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I have a table

$query=
"CREATE TABLE screenshot ".
"(screenshot_id INT UNSIGNED AUTO_INCREMENT PRIMARY KEY, ".
"source_video_id INT UNSIGNED NOT NULL, ".
"screenshot_file_name VARCHAR(128), ".
"x_res INT, ".
"y_res INT, ".
"time INT UNSIGNED);";
mysql_query($query);

Then I insert things into that table.

I often want to do an SQL query and iterate over the result of the query, but end up doing this.

//select all screenshots from video, by video id
    $q0=
    "SELECT * FROM screenshot ".
    "WHERE source_video_id = '$source_video_id' ".
    "AND x_res = 120 ".
    "AND y_res = 90 ".
    "ORDER BY time ASC;";
    $r0 = mysql_query($q0);
    $n0_num = mysql_numrows($r0);

//for each result
for($n0=0;$n0<$n0_num;$n0++) {
    $source_video_id = mysql_result($r0,$n0,'source_video_id');
    $time = mysql_result($r0,$n0,'time');
    $screenshot_file_name = mysql_result($r0,$n0,'screenshot_file_name');

    //do stuff for each returned result!
}

This is just ugly. To get the SQL query results, I have to write this for every column! $source_video_id = mysql_result($r0,$n0,'source_video_id');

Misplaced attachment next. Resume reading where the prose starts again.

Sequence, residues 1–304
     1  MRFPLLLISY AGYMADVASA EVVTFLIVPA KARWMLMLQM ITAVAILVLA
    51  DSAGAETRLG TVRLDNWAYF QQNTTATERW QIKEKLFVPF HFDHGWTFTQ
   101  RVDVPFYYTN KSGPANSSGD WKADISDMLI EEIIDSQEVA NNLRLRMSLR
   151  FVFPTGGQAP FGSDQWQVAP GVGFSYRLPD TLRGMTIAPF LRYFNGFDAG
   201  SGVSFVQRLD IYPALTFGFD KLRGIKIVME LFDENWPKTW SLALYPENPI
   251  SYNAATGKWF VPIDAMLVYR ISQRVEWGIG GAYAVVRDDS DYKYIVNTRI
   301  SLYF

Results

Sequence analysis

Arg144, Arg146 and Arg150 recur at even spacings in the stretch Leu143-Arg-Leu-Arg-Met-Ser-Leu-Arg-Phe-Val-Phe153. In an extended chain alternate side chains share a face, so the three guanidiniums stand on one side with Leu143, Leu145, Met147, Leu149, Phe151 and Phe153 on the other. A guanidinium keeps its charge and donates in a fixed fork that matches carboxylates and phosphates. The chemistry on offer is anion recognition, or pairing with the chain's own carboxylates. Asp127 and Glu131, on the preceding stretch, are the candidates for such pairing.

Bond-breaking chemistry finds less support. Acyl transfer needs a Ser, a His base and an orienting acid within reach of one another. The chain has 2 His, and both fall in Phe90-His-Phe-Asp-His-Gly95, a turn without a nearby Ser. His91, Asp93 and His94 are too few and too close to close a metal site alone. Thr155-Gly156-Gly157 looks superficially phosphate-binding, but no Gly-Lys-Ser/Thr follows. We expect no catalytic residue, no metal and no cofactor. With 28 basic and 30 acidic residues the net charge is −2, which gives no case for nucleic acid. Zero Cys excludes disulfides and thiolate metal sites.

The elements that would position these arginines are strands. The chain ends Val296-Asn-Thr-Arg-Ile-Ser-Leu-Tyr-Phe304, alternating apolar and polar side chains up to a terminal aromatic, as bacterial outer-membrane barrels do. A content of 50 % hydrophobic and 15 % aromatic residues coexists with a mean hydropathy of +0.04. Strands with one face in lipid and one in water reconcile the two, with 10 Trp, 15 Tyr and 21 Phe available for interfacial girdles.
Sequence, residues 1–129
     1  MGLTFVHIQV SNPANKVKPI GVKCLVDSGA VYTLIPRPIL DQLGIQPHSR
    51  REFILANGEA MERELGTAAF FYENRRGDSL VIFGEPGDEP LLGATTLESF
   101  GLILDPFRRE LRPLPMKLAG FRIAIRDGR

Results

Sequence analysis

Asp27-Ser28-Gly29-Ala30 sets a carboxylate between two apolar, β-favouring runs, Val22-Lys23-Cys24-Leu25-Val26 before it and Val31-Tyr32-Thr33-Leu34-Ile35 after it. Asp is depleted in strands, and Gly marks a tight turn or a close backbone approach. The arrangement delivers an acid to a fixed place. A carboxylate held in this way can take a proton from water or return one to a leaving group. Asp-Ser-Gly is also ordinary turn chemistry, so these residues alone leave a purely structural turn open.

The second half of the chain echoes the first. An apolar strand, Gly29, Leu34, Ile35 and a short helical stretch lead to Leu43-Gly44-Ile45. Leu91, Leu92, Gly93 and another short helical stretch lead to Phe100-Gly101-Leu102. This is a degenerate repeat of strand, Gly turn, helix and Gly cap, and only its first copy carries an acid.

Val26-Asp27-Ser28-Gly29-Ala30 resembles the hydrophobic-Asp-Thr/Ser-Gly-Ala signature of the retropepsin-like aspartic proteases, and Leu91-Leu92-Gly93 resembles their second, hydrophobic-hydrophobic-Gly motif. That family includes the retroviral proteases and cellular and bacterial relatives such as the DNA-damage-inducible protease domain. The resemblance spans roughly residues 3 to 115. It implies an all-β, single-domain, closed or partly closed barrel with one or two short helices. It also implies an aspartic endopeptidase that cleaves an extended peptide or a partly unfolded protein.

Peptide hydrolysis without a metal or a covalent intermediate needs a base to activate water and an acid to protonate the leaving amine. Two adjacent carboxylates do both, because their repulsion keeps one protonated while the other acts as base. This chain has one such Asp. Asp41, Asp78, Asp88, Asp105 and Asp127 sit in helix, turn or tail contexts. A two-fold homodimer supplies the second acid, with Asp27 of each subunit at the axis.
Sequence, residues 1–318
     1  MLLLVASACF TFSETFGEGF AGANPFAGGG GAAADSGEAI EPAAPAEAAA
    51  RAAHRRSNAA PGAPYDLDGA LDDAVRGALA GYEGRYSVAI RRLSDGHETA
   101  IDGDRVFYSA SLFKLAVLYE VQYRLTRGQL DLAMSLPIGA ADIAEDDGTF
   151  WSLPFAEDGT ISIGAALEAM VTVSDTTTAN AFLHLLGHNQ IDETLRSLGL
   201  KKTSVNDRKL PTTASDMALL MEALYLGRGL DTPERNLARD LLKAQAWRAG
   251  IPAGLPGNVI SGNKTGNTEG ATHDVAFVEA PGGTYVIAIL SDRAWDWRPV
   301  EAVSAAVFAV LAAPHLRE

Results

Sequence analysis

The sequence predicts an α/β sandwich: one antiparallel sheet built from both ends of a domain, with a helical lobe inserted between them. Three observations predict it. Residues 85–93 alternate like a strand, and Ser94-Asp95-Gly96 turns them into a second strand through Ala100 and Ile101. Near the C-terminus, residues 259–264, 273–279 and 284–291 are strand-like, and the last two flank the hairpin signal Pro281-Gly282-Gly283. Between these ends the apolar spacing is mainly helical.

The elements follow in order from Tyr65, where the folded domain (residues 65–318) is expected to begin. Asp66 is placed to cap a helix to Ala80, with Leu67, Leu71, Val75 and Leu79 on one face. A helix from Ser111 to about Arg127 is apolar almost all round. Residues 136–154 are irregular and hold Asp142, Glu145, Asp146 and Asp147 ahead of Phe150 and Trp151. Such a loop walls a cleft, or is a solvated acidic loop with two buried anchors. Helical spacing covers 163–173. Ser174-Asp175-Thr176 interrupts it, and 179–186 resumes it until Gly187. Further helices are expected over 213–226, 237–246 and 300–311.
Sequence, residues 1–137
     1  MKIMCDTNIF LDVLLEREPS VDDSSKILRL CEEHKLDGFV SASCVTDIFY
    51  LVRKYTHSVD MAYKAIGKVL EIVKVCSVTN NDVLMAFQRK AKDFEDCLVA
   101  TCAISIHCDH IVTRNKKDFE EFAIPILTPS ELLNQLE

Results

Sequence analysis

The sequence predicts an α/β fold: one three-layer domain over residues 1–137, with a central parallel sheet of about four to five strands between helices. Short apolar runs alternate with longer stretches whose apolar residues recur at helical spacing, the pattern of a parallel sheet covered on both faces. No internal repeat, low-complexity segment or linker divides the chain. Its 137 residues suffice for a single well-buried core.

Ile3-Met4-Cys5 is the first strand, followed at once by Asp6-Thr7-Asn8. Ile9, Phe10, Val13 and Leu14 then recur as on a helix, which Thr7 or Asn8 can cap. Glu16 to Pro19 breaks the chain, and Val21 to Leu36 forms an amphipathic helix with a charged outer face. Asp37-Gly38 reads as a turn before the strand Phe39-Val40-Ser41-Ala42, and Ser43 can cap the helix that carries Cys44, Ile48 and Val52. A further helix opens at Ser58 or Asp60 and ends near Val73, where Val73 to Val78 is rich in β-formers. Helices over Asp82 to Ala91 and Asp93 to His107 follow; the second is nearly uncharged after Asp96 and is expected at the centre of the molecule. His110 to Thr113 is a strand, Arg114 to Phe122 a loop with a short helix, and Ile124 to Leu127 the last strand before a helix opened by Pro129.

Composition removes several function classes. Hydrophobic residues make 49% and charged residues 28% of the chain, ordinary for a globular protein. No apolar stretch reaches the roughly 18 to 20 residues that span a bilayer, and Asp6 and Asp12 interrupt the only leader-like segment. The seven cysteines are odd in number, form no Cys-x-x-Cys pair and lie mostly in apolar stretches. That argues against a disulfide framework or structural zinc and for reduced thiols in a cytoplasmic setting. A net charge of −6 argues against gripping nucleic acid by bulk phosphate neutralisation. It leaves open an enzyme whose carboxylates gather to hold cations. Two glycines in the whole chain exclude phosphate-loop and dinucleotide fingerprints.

I have to write an ugly loop, get the results for each row returned and do something for each result. Basically I want something like;

foreach($SQL_command) {
//Do for each result
}

I want the column variables for each row to be already set, so that I do not have to do

$source_video_id = mysql_result($r0,$n0,'source_video_id');

For each and every column I want to access!

I am sick of writing boiler plate code to do this for every single table in my data. Are there any frameworks or libraries that would make this less painful?

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1  
Assign the result to an array! mysql_fetch_array($result) –  DavidYell Jul 16 '10 at 8:11

4 Answers 4

These are the very basics of a database abstraction layer. It's not hard to program your own, or you can use a generic library like Doctrine or Propel. Every notable PHP framework includes some form of database abstraction as well, you really just need to start using one.

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One can suppose I'm a fan of Kohana, but I really love the thing. Get the Kohana 3 and put there the Sprig ORM (it's a fork from original Sprig ORM, but with additional ‘sugar’ :) instead of native Kohana's one. You'll understand how pretty they are together. You'll can access to your tables like this code shows:

//just the basics, updating existing record
$screenshot = Sprig::factory('Screenshot', $id)->load();
$screenshot->x_res = 240;
$screenshot->y_res = 260;
$screenshot->update();

//creating new one
$screenshot = Sprig::factory('Screenshot');
$screenshot->x_res = 300;
$screenshot->y_res = 250;
$screenshot->create();

Additional link to the discussion of the Sprig fork: http://forum.kohanaframework.org/comments.php?DiscussionID=4368

Hope, it'll help you.

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If you have the PDO drivers enabled (as you should) you can use the single DB() method as a function from the phunction PHP framework. It was inspired by the DiBi database abstraction layer. The documentation is still underway, but I've posted a short summary in this answer.